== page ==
A mother, attuned to her child, responded emotionally, physically, and supportively to the child's expressed distress. The mother's theory of her child's mind allows her to anticipate the child's needs and provide for them. Her facilitative movements and empathetic facial expressions communicate her emotional and physical attunement to her child in a way that helps the child convert a felt, physical, sensory experience into a contained mental, conscious awareness of his internal experience, the warm supportive presense of his mother. That awareness enables the child to regulate his affect and distress. It enables the child to develop a sense of self different and separate from his concept of his mother. Mother, then ultimately others, come to be seen as a source of relief, comfort and pleasure. Self-expression comes to be seen as good, loved, accepted, and competent. From this basic begining, the child develops a rudimentary sense of self (Wallin, 2007).
Consciously practiced mindful self-awareness provides an opportunity for the development of a theory of mind for ourselves. Our ability to interpret others behavior utilizes a finely tuned ability to perceive not only a person's behavior, but their unspoken intent. Understanding our own behavior is not so easy. In a real sense, others can see us and interpret our intentions much better than we can. We would rather believe that we know our own minds, that we have a clear idea why we do what we do. Research says that that is often not true. There are all sorts of influences to decision of which we are unaware. Our ability to predict expected punishment is enhanced by our bodily arousal (Dolan, 2002). It would appear that a cool and reasoned state of mind is not as good at predicting punishment. Yet we make some judgments and prepare ourselves for response without any awareness (Kahneman, 2003). Well-learned goals can be activated by environmental stimuli and attendant behavioral plans can run their course without conscious awareness. People can be unknowingly enticed to either trounce an incompetent competitor or protect his self-esteem by words that that encourage achievement or friendship (Westen, 1998).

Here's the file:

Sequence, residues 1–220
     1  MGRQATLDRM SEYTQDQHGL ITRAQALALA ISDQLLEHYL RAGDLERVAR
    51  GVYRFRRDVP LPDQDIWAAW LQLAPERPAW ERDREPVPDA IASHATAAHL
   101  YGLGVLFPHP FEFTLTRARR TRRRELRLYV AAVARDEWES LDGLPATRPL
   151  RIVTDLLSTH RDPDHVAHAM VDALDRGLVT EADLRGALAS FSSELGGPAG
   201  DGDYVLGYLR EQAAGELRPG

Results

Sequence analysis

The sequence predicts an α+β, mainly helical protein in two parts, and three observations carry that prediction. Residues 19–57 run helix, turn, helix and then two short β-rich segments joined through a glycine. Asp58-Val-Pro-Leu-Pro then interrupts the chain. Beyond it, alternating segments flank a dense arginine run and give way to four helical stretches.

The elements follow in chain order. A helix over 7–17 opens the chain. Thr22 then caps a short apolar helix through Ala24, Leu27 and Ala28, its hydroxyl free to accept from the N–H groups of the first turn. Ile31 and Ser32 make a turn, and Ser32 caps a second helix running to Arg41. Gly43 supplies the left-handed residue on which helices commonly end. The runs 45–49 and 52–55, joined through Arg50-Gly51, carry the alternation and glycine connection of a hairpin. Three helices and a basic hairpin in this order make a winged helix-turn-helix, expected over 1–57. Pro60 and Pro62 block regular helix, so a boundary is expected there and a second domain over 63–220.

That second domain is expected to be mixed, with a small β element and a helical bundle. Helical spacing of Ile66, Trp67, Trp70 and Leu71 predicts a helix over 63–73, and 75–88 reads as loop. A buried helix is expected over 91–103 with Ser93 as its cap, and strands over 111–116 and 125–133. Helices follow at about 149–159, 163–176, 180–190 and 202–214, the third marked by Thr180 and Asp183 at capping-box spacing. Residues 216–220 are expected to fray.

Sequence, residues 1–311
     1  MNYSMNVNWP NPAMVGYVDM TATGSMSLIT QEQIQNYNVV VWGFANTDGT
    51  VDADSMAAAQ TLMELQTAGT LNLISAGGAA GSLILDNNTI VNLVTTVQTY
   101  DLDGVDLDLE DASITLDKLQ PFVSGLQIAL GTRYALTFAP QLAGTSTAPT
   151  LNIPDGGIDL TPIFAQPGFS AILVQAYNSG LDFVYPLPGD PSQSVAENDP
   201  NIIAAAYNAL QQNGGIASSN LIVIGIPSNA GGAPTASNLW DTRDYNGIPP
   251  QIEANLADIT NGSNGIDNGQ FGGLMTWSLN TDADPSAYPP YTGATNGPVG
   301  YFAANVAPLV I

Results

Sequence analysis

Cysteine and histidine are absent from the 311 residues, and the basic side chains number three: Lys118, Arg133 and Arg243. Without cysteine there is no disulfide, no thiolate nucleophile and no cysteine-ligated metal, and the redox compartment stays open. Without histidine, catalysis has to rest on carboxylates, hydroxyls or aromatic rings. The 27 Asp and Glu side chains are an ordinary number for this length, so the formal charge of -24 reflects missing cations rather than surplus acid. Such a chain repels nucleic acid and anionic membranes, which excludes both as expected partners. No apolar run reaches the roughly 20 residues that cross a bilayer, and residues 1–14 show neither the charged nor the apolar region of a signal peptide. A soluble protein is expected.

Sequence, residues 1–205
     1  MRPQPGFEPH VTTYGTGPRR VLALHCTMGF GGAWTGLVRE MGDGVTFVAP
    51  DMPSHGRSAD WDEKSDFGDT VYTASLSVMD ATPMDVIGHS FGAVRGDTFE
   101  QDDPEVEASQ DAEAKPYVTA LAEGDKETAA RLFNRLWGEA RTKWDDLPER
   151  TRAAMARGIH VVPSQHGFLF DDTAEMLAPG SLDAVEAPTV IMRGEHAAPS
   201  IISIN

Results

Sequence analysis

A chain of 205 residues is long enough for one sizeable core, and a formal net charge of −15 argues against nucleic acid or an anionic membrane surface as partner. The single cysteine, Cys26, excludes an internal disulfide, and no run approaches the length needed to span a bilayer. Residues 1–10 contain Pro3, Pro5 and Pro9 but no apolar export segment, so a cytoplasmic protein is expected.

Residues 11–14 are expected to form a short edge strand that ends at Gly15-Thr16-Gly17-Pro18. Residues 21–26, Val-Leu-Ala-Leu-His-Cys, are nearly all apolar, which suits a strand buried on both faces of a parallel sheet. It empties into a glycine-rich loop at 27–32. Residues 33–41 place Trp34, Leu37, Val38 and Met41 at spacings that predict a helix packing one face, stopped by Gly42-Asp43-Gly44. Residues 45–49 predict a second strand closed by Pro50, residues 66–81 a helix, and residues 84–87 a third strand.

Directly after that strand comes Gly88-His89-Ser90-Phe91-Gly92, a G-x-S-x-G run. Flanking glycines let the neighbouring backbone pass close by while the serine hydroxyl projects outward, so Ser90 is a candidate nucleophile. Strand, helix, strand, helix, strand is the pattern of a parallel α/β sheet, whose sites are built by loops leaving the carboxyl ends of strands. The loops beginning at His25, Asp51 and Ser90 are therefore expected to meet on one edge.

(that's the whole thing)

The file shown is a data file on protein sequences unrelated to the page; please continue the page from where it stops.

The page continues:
Interpreting another's behavior is enhanced by our ability to face and observe that person. We cannot observe ourselves directly. Instead, we rely on our ability to remember our thoughts, feelings and behaviors and make inferences after the fact. There are many unconscious barriers to the accuracy of our memory of our behavior and it's context. We are naturally biased to see ourselves in the right and be suspicious of others. We must learn to correct for our natural biases in order to create a useful theory of our own mind.
There are several skills we can learn and enhance to better understand ourselves and others. Many of these skills are learned in our most cherished relationships, starting with our mothers. We need to be aware of the nature of mental states, that understanding ourselves and others is often difficult and incomplete; people can change their mental state to minimize pain, or disquise themselves. Our interpretations of others are influenced by our own internal states. Feelings often do not follow logic or reason. Mental states evolve from day to day and experience to experience. Parents are highly influential teachers of their children. Their teachings are influenced by that which they learned from their parents. What we learn as children often must be revised based on our adult experiences. Our very presence in a relationship influences the others mental states and in turn our own, often beyond our awareness (Wallin, 2007).
Self-knowledge is often difficult and painful to acquire. Our learning is most robust from a major mistake that we can acknowledge and examine unflinchingly. Healthy self-esteem enhances the accuracy of our self-examination, poor self-esteem distorts it as either positively or negatively based on our willingness to accept the truth. Prediction of our behavior and others is improved with mindful practice and experience over significant time periods.
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Dolan, R. (2002). Emotion, Cognition, and Behavior Science, 298 (5596), 1191-1194 DOI: 10.1126/science.1076358
Goleman, D. (1995). Emotional Intelligence. Goleman 1995. New York: Bantam Books.
Kahneman, D. (2003). A perspective on judgment and choice: Mapping bounded rationality. American Psychologist, 58 (9), 697-720 DOI: 10.1037/0003-066X.58.9.697
Waller, B., Cray, J., & Burrows, A. (2008). Selection for universal facial emotion. Emotion, 8 (3), 435-439 DOI: 10.1037/1528-3522.214.171.1245
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Westen, D. (1998). The scientific legacy of Sigmund Freud: Toward a psychodynamically informed psychological science. Psychological Bulletin, 124 (3), 333-371 DOI: 10.1037//0033-2909.124.3.333